Service Fabric: Using Dynamically Assigned Port in Guest Executable
This is a continuation of my previous blog post where I demonstrated how to setup a node Express app in Service Fabric along side an .Net Core app. It turns out there is an undocumented way to use the dynamically assigned port for the service and use it in the within the guest executable.
Review of Current Method for Guest Executables:
From the current documentation on running guest executables they don’t mention any way for the guest executable to get the port allocated for the service instance. The work around was to hard-code the port in both the ServiceManifest.xml and also in the guest executable. This ensured the application would implicitly be listening on the port service fabric would forward traffic to. This worked but hard-coding is bad practice and more importantly this severely limited the use of guest executables because it only allowed running a single instance. If you tried to run multiple instances they would all be attempting to listen on the same port and there would be a conflict.
How to Use The Dynamically Assigned Port?
After poking around the local cluster files while I was searching for the redirected console log output I noticed there is a generated file:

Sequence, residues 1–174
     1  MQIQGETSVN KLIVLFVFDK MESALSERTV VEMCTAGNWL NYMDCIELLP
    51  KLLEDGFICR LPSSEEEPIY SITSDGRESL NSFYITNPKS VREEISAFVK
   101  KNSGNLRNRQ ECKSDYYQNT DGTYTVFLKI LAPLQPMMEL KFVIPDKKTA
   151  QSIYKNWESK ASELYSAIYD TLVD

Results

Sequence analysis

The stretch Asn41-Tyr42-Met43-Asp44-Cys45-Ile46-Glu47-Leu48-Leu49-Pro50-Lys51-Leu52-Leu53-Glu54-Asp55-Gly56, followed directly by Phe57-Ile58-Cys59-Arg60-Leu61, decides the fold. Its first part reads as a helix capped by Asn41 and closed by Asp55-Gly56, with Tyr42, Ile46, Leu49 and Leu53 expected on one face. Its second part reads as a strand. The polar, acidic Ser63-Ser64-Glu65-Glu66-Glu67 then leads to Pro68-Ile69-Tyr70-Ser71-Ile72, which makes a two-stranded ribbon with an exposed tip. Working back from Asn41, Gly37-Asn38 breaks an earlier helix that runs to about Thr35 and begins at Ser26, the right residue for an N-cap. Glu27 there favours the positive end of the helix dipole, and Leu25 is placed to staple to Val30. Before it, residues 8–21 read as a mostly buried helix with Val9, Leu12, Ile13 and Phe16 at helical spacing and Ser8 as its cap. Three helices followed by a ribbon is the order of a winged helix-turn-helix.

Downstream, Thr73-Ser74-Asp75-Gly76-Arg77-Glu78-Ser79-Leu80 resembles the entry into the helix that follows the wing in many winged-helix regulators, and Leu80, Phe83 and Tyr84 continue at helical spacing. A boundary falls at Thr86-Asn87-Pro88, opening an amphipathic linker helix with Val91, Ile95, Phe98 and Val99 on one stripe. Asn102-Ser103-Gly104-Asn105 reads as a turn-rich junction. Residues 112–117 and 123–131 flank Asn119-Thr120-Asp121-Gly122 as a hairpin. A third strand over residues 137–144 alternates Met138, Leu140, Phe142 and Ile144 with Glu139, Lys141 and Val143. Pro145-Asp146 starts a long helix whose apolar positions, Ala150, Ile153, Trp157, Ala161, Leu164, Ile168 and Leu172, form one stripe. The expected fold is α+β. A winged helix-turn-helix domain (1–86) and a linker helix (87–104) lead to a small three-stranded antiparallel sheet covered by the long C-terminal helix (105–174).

ExpressPkg.Endpoints.txt as seen in the picture below:
This can be found in the application package deployed to the local cluster such as: `C:\SfDevCluster\Data\_App\_Node_0\ApplicationType_App0`
Inside that file you will find a semicolon separated list of values such as:
This matches the data from the corresponding ServiceManifest.xml:
`<Endpoint Name=”ExpressTypeEndpoint” Protocol=”http” Type=”Input” UriScheme=”http” />`
Notice that the port is added!
We can read this file, parse the text, and use the port value instead of our hard-coded value. Here is some sample code to achieve that:
Notice line 3 which uses array destructuring to extract value into constant named port. If you notice the next value is named ‘x’. I couldn’t find out what the purpose of that slot is.
Here is a quick video demonstrating what I explained above:
Since this isn’t documented and there are much better ways to give the guest executable the information about the port I assume this technique of directly reading the file is not officially supported. The contents or location of the file might change in the next version of the service fabric SDK so this is probably not a good choice for production, but currently it’s the only workaround I know of to run multiple instances of guest executables.
Let me know if you like this content and video. How is your experience with Service Fabric and Node?
Remember, all the code is available to try out yourself here: